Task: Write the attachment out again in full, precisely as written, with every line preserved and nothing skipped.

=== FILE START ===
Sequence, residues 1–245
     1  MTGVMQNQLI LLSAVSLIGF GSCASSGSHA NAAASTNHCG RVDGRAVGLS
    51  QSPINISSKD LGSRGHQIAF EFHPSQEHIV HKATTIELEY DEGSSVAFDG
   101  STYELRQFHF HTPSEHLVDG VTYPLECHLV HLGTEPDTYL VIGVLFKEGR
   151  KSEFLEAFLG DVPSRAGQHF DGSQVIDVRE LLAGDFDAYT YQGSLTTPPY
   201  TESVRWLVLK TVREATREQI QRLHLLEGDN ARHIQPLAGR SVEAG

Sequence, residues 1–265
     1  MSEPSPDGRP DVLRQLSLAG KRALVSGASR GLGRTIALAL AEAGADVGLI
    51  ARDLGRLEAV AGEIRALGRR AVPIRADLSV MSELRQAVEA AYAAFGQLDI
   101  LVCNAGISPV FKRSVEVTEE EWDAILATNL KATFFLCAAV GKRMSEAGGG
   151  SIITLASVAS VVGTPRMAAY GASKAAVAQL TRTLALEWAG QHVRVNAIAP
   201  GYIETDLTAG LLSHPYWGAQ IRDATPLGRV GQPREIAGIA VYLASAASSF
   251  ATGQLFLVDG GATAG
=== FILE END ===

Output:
Sequence, residues 1–245
     1  MTGVMQNQLI LLSAVSLIGF GSCASSGSHA NAAASTNHCG RVDGRAVGLS
    51  QSPINISSKD LGSRGHQIAF EFHPSQEHIV HKATTIELEY DEGSSVAFDG
   101  STYELRQFHF HTPSEHLVDG VTYPLECHLV HLGTEPDTYL VIGVLFKEGR
   151  KSEFLEAFLG DVPSRAGQHF DGSQVIDVRE LLAGDFDAYT YQGSLTTPPY
   201  TESVRWLVLK TVREATREQI QRLHLLEGDN ARHIQPLAGR SVEAG

Sequence, residues 1–265
     1  MSEPSPDGRP DVLRQLSLAG KRALVSGASR GLGRTIALAL AEAGADVGLI
    51  ARDLGRLEAV AGEIRALGRR AVPIRADLSV MSELRQAVEA AYAAFGQLDI
   101  LVCNAGISPV FKRSVEVTEE EWDAILATNL KATFFLCAAV GKRMSEAGGG
   151  SIITLASVAS VVGTPRMAAY GASKAAVAQL TRTLALEWAG QHVRVNAIAP
   201  GYIETDLTAG LLSHPYWGAQ IRDATPLGRV GQPREIAGIA VYLASAASSF
   251  ATGQLFLVDG GATAG